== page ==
Pornography has become widely available in recent years with the advent of free online porn streaming sites. Its increased availability has sparked debate as to whether or not viewing pornography has an impact on a person’s sex life/sexual health. While some suggest that frequent pornography use may have a detrimental effect on a person’s relationships, sexual satisfaction, and even mental health (possibly contributing to depression), the research thus far has been limited in scope and often contradictory.
A condom is a thin tube that is worn around the penis (external condom) or a pouch that is inserted into the vagina or anus (internal condom) before engaging in penetrative sexual activity to help prevent the spread of sexually transmitted infections (STIs) and as a means of birth control. Some people also use condoms for oral sex.
For many men who experience erectile difficulties after undergoing treatment for prostate cancer, erectile aids (EAs) such as oral medications (PDE5i), vacuum erection devices (VED), and intra-cavernosal injections (ICI) offer a means of achieving an erection post treatment. However, even though the majority of prostate cancer patients experience erectile difficulties for months, years, or indefinitely after treatment, some choose never to use EAs, and some who use EAs ultimately end up abandoning them.
Women who survive rectal cancer may experience sexual difficulties or dysfunction during and after treatment. Chemotherapy, radiotherapy, and rectal surgery can impact urinary, bowel, and sexual function. According to previous studies, 60% of women report an increase in vaginal dryness and dyspareunia (painful intercourse) after rectal cancer treatment. There is also a high incidence of reduced sexual desire and decline in frequency of sexual activity for rectal cancer survivors.
A personal lubricant (or “lube”) is a liquid or gel that individuals can apply to the vulva, vagina, penis, and/or anus before or during sexual activity to make the area more slippery and facilitate easier penetration.
Persistent Genital Arousal Disorder/Genito-Pelvic Dysesthesia (PGAD/GPD) is a condition characterized by persistent, unwanted, and intrusive feelings of genital arousal that are not related to sexual desire. Symptoms may include lubrication, tingling, throbbing, and swelling of the genitals, and/or the feeling of being on the verge of orgasm. These sensations might be constant, or they may come and go, lasting for hours to days at a time.
Adult attention-deficit/hyperactivity disorder (ADHD) is a mental health condition that is characterized by hyperactivity, restlessness, impulsive actions, and trouble paying attention. It is a disorder that can interfere with a person’s day-to-day life, affecting relationships, work, self-esteem, and other important life components.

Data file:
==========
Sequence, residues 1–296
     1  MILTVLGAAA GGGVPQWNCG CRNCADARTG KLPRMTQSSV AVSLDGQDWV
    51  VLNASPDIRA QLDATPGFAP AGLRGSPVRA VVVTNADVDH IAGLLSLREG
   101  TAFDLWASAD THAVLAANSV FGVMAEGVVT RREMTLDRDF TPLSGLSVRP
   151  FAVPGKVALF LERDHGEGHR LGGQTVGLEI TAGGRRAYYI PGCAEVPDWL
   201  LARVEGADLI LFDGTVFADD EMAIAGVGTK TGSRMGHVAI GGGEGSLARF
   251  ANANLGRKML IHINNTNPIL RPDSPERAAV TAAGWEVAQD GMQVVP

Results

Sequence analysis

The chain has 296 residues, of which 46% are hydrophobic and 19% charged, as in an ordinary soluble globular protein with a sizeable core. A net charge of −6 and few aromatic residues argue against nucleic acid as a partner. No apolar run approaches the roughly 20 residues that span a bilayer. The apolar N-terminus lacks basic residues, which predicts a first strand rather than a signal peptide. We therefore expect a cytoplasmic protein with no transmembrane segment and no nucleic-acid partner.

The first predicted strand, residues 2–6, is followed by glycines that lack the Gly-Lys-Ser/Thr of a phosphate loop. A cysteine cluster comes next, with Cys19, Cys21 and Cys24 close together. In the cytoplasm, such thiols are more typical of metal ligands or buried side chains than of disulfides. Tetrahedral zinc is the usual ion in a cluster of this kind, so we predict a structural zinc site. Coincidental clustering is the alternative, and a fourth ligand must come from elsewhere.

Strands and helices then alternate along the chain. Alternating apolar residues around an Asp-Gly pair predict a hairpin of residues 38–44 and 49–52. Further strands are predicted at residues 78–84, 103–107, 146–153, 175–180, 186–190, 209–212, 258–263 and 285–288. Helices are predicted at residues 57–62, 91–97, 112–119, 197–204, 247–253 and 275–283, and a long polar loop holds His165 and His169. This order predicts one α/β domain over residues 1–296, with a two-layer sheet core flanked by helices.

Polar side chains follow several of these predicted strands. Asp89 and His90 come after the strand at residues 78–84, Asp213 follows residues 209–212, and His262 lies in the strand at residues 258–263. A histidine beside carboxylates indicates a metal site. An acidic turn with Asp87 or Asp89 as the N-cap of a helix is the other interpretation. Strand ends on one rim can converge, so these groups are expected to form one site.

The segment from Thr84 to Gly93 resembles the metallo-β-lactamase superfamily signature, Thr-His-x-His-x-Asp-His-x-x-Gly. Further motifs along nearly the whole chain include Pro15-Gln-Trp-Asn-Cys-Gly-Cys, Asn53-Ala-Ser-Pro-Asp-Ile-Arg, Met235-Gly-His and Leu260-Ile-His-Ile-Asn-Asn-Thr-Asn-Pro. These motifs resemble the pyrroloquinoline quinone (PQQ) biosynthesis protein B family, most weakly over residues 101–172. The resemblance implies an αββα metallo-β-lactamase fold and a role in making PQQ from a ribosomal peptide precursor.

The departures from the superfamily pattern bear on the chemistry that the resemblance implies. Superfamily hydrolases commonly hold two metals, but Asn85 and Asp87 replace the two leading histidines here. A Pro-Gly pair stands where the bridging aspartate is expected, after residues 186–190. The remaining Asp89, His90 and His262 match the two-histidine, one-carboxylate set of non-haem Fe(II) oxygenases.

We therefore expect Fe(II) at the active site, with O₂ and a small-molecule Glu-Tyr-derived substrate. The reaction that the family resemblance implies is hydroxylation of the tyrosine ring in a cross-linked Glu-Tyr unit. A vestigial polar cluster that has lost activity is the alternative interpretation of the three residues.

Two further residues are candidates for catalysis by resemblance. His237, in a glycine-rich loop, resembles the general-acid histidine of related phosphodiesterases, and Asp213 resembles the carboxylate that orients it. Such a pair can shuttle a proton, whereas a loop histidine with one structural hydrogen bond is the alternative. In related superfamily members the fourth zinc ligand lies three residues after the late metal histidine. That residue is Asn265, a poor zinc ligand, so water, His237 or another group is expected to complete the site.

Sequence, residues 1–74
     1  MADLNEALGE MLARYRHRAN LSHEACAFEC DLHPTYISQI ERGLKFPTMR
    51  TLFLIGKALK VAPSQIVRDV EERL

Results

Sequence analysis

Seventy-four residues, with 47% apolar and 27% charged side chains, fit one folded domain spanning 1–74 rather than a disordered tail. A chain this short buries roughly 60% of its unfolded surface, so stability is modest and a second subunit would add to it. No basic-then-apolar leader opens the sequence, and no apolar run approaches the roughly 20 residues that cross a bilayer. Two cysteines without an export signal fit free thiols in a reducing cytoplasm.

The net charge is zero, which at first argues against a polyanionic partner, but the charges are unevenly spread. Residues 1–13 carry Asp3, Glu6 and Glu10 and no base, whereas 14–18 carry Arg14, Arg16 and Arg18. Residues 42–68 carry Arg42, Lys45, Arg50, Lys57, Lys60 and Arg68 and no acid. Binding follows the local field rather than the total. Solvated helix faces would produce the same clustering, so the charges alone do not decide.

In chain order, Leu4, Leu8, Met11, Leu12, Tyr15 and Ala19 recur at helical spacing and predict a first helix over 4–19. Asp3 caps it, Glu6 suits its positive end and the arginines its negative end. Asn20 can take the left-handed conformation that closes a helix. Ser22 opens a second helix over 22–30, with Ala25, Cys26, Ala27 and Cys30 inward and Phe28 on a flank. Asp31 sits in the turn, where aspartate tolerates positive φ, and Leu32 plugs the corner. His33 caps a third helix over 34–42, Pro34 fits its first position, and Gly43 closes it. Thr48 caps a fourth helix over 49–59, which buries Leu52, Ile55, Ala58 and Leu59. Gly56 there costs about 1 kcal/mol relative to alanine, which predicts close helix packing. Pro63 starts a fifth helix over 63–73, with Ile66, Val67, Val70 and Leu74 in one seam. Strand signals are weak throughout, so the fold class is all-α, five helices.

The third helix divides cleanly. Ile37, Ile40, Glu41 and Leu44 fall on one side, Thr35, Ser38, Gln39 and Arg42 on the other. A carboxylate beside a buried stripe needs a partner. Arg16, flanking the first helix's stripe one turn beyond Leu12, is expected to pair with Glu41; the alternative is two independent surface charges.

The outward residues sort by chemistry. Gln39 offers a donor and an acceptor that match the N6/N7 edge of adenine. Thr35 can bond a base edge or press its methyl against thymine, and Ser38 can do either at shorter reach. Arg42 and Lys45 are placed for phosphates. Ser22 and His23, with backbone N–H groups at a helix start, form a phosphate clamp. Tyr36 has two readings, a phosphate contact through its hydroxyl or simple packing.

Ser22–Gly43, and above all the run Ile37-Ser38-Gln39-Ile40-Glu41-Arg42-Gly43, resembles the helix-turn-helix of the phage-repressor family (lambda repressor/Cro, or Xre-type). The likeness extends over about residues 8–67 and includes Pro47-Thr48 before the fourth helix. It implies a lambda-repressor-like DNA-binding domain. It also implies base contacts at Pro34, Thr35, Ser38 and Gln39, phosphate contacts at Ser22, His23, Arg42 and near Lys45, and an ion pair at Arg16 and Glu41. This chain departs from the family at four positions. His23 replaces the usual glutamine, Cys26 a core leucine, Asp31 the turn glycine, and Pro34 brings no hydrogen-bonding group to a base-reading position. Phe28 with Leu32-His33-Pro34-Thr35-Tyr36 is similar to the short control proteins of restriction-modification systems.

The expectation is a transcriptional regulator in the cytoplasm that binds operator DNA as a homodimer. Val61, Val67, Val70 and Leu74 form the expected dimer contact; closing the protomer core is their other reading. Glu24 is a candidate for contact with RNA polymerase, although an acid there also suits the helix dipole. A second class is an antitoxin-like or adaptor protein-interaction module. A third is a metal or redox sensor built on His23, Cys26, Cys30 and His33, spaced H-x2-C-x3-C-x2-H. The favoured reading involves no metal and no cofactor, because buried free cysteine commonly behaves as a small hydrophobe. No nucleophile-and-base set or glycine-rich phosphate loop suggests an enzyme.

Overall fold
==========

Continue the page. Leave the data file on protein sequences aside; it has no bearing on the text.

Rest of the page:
Breast cancer is one of the most common forms of cancer in the world. While it can affect both men and women, it occurs more frequently in women. It is the third leading cause of death in Iran, causing an average age of death in one’s 40s or 50s, but early detection and treatment can increase the survival rate of breast cancer patients.
Priapism is a prolonged, often painful, erection that lasts for four hours or more and is not related to sexual stimulation. It occurs when the blood that flows to the penis to create an erection cannot flow back out of the penis, causing it to remain fully or semi-erect for an extended period of time.
Transgender individuals are people whose gender identity or expression does not align with the sex they were assigned at birth.
Perhaps you have heard the term “health literacy” and wondered what it means. In August 2020, the Centers for Disease Control and Prevention (CDC) updated the definition of health literacy to include both “personal” and “organizational” health literacy, which are defined as follows:
A cancer diagnosis of any kind can be very distressing for an individual, and the repercussions of such a diagnosis can have a significant impact on all aspects of a person’s life. What’s more, although cancer treatments can prevent the cancer from spreading and possibly eliminate it altogether, they often have negative short- and long-term consequences for patients. Patients who are aware of the possible side effects before undergoing treatment may be better equipped to manage them with the support of primary care physicians, oncologists, mental health specialists, and other health care professionals.